Thursday, October 18, 2012

The Swiss Army Knife (1)

21 functions
What can the Swiss Army Knife tell us about Switzerland? Thanks to a generous student I finally own one. It has 21 functions and by trying to find a use for them all, maybe I'll learn something about Swiss culture. Or maybe I'll just make up some outrageous lies and pass them off as fact.

Function 3 - Corkscrew
On their eighth birthday, Swiss children are given a basic Army Knife with eight functions. Every year their godparents give them a new one with nine, ten, eleven functions and so on, and by the time they retire, the Swiss are proficient with a 65-function knife.

Not me. I'm a total spastic. I did manage to get the wine out of this bottle, but not the wine stain out of my Transformers pyjamas. 

Function 2 - Small Blade
I almost never use the CD drive on my Macbook because God gave us wifi and USB. The other day I tried to insert a CD but there was a wall of dried plum blocking it. I used the small blade to push the CD in. Success!

What's this about the plum? Sigh. What happened is explained by the fact that Swiss companies leave fruit lying all over their offices to keep their workers healthy. I often steal some and then forget it is in my bag.

The plum in question disintegrated over a weekend and was sponged up by my Apple. The damage was limited to messing up the CD drive and to turning off the power LED on the front - the latter being a considerable improvement as I like to sleep in the dark.

The Swiss have the highest per capita spend on corporate fruit in the Western hemisphere, and the lowest rates of absenteeism. Coincidence? No.

 Function 13 - Scissors
In Zurich you recycle cardboard by wrapping it in string and leaving it on the kerb. I normally use big scissors to cut the string, but look: my Army Knife has scissors, and they cut through string like an elderly Frenchman cutting in line in an onion shop.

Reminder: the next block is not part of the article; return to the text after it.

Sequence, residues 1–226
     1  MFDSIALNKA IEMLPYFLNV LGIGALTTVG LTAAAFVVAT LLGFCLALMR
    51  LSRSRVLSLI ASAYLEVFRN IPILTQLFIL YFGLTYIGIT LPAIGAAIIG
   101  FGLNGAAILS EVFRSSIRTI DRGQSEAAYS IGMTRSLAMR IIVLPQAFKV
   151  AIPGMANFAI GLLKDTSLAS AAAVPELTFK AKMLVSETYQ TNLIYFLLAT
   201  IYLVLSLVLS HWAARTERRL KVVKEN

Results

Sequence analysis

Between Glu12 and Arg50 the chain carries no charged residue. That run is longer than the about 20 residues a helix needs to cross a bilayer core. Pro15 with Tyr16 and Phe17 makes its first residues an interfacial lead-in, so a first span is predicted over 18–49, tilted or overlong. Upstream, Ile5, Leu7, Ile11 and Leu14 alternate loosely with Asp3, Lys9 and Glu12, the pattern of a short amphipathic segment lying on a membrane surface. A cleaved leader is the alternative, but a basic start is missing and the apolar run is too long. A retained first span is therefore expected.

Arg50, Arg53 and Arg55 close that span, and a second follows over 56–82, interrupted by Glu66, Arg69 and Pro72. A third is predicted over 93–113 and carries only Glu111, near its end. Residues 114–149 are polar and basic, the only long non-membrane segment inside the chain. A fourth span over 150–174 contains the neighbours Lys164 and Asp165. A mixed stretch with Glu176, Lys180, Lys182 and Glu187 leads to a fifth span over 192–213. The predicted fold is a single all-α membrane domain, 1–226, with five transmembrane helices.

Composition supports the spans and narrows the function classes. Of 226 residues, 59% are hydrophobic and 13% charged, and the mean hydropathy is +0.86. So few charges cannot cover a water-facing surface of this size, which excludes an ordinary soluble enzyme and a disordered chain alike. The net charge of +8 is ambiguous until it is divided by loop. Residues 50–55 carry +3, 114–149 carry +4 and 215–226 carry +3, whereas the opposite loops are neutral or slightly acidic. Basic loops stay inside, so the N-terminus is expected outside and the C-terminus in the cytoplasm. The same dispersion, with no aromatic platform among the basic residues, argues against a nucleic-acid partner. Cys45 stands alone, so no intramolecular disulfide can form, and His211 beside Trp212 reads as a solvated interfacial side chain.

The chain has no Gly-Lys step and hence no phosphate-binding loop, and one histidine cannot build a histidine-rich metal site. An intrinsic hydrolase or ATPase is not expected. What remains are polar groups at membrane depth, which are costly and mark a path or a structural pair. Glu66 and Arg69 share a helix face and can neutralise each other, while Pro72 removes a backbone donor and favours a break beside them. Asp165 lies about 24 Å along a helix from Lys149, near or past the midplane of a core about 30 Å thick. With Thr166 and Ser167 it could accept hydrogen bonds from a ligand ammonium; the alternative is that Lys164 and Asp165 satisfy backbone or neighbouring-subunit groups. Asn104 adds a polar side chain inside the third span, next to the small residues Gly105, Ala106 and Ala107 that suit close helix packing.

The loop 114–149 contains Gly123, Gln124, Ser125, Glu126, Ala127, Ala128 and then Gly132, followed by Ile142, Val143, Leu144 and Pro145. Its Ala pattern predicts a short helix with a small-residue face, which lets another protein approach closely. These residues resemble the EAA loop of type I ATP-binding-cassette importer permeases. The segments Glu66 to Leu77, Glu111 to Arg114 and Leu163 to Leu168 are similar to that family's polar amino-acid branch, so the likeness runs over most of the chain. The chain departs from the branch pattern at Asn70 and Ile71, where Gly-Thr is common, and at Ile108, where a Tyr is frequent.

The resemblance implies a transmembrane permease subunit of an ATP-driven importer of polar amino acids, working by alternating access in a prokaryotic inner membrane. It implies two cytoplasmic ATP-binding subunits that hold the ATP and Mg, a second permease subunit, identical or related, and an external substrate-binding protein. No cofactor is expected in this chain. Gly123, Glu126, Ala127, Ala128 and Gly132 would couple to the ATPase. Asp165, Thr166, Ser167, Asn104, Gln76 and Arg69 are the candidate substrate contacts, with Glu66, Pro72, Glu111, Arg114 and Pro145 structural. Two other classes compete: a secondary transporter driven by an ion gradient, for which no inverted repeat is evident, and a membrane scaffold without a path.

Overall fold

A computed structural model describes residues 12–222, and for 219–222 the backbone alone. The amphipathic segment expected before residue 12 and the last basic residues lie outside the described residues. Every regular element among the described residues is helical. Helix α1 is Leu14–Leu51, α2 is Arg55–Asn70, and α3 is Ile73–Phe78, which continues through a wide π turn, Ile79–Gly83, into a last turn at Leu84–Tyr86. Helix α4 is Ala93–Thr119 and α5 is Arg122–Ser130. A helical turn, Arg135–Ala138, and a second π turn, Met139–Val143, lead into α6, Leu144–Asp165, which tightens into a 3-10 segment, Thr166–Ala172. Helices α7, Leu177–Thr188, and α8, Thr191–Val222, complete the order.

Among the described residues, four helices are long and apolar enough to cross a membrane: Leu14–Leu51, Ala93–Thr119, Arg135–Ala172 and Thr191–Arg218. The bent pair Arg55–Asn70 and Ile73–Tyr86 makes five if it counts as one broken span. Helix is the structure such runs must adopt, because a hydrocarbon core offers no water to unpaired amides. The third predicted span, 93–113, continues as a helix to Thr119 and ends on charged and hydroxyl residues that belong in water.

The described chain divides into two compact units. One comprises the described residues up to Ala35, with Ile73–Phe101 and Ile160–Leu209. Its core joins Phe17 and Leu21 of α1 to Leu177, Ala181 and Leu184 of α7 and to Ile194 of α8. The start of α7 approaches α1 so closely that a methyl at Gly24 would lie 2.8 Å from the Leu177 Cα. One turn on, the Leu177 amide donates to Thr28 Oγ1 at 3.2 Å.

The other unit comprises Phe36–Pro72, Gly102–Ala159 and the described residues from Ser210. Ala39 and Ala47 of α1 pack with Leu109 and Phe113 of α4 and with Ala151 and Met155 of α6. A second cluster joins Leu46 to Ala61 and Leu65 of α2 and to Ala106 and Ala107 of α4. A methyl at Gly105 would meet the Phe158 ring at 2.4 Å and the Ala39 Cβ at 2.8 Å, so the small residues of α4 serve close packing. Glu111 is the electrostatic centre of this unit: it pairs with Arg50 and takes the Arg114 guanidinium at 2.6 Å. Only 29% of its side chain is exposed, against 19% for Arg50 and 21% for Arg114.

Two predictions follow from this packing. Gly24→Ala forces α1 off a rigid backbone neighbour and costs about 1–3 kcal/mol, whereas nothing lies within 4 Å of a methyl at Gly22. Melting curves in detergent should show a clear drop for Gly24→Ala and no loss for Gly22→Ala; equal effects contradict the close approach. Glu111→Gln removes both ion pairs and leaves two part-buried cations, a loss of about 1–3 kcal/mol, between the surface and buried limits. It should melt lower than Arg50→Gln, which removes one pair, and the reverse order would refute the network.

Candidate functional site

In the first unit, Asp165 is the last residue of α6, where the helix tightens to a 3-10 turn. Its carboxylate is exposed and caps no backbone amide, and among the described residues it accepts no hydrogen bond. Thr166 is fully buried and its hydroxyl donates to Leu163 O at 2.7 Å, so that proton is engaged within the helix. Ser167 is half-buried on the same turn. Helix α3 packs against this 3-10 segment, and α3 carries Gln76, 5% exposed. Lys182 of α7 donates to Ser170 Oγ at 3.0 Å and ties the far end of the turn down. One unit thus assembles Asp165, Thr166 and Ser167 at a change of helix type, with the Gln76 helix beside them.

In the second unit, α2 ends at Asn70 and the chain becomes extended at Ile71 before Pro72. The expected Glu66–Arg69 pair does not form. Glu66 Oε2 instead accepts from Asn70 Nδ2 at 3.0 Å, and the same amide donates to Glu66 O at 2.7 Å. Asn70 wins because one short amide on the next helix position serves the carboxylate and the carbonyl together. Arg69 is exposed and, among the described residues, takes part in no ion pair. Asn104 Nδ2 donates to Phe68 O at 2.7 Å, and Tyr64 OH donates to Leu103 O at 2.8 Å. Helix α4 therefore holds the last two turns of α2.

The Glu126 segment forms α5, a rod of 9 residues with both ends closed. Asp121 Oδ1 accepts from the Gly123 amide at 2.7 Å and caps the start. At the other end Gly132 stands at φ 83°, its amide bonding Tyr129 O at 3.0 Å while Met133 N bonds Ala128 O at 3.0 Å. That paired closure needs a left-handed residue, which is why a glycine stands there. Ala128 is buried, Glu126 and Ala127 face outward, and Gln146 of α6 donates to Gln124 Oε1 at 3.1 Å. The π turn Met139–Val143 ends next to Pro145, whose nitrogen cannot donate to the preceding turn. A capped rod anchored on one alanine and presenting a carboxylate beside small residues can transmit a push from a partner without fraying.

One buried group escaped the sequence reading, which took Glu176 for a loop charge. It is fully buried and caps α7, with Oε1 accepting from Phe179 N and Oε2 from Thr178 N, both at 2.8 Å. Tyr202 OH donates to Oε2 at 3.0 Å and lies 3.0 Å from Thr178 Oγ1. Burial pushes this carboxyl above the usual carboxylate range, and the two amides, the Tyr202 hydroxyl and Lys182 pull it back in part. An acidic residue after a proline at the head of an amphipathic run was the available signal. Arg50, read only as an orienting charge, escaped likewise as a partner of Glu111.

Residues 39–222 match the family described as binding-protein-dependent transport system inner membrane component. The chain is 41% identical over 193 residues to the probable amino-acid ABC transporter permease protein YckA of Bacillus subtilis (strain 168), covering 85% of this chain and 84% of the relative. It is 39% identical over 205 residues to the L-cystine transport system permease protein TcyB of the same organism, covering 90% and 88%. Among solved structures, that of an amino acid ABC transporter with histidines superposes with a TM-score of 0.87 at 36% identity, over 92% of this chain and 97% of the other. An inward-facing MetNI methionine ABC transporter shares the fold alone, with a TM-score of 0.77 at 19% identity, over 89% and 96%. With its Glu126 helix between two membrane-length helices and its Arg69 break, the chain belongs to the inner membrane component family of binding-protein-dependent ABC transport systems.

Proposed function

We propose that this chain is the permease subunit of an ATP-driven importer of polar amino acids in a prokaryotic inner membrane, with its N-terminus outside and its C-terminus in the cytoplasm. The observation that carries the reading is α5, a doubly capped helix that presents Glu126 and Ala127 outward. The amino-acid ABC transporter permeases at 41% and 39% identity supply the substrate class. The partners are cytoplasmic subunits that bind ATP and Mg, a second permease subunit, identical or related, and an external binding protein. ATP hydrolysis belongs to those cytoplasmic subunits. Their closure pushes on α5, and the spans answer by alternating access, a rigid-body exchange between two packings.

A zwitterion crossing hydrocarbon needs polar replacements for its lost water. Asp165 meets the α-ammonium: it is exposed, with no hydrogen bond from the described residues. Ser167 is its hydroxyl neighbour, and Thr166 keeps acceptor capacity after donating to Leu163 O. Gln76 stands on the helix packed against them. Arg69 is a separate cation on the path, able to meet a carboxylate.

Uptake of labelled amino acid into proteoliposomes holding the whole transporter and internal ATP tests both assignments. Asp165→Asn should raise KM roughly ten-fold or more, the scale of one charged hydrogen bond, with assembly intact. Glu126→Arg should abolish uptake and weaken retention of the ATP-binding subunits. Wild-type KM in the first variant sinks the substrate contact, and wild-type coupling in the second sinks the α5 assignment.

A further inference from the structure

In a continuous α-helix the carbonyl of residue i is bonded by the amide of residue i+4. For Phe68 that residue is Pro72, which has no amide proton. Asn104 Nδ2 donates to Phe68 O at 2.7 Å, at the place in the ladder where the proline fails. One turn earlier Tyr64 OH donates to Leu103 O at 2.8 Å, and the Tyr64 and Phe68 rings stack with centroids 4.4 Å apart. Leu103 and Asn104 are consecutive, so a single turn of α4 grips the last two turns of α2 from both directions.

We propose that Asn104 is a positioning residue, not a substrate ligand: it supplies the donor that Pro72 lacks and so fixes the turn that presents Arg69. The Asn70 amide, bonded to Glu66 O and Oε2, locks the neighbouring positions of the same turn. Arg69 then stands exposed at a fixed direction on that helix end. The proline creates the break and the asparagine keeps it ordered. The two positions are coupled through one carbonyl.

These cardboard pickups are one part of Zurich's impressive 21-point waste management policy. Recycling is taken very seriously here. There's no space for landfill because all the spare land is being used to store gold, to build unused holiday homes for rich Arabs and Russians, and to construct a gigantic statue of Roger Federer, the base of which will be bigger than seven Wimbledons. With incinerators costing a fortune to build and run, there are very strict rules about what can be put into household waste.

Like everything in Switzerland, this seemingly liberal, progressive way of doing things has a dark, sinister side. The police have special teams of garbage inspectors who sort through people's garbage to check for rule breaking, such as bunging batteries in a bin bag. Typically migrant workers from Sri Lanka, the teams wear shiny easy-wipe plastic coats and when a misdeed is detected, forensic specialists are called in to establish the identity of the perp. Minutes later the police arrive at the miscreant's door and cart them off for re-education. The worker who found the mistake is rewarded with a three-week visa extension and a morning off.

Further, neighbours inform on each other with gruesome glee, sickening to watch. If you want to have a chilling, horror movie-type experience, go to a bottle bank in Zurich on a Sunday and start dropping bottles. Wait a few seconds until the hairs on the back of your neck stand on end, and then slowly turn around. At least six people will be taking photos of you or recording you on their iPhones. And their smiles will stop you from sleeping for weeks.

Part Two
Part Three

1 comment:

  1. Wow! That's awesome.
    I've learned how to do links in blogger comments just to make it easier for my readers to check it out. They're a lazy bunch!

    Amazing Knife


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